Surveillance cameras began monitoring drivers who enter or block bus lanes on Monday, and if the electronic eye catches you, get ready to pay a steep fine.New bus lane video cameras along First and Second Avenues watch for cars blocking buses by sitting idly in the lanes, helping to keep the path clear for buses.
“If you’re going to go express to a certain place, it’s going to help,” Queensbridge resident Ida Montilla said.
“The buses are good, they move faster, but the cars don’t,” said Percy Raymond of Astoria.
The video cameras are monitored full-time to catch the license plates of violators. Stopping or off-loading in the bus lanes is prohibited during posted hours, and fines of between $115 and $150 would go out in the mail.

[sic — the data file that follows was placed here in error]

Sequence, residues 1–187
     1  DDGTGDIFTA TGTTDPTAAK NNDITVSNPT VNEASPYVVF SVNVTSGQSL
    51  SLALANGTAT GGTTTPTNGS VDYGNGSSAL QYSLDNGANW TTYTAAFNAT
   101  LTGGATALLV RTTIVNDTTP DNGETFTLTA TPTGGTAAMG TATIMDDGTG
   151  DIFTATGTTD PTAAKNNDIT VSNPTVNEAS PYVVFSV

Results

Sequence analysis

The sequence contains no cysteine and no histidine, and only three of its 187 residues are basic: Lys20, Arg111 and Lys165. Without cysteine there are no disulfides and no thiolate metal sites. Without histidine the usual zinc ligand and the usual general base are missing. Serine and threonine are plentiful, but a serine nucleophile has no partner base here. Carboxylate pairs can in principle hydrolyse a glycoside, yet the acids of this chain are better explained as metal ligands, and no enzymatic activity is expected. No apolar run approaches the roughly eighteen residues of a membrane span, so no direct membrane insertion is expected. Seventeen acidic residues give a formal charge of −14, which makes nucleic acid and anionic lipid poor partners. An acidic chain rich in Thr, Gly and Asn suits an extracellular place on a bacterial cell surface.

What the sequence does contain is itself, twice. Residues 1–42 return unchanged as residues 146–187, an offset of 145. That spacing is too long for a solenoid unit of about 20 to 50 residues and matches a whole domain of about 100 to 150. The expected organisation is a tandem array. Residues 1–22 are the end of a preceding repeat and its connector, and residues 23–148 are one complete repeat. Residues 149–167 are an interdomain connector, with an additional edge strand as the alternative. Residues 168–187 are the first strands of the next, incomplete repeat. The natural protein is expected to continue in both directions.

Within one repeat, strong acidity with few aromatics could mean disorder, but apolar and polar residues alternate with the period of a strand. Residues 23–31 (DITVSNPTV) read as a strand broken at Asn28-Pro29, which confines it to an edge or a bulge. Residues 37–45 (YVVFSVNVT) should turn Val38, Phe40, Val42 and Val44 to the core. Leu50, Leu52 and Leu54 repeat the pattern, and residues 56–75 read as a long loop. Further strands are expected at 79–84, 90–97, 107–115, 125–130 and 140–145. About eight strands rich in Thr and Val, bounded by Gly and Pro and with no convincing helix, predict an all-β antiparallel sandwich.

The cameras have done the job so far, with mostly clear bus lanes on Monday, but some are complaining that an empty bus lane means more traffic in the other lanes.
“They make their own problems, they make problems for everybody else,” Astoria resident Ken Beuscher said.
Critics anticipate more traffic congestion, not less, particularly since there’s some gray area. Drivers can drop off or pick up a passenger at the curb if there’s no alternative, like around the corner. Those needing to make a right turn by using the bus lane are permitted, as long as they don’t stay in the lane.
So will the lanes spur a dramatic decrease in congestion? The jury’s still out.
“You’ll still be late, you’ll still be late,” Montilla said.
Just five cameras were up and running on Monday, but more are on the way. The MTA estimates the new restrictions could save as much as 15 minutes of travel time.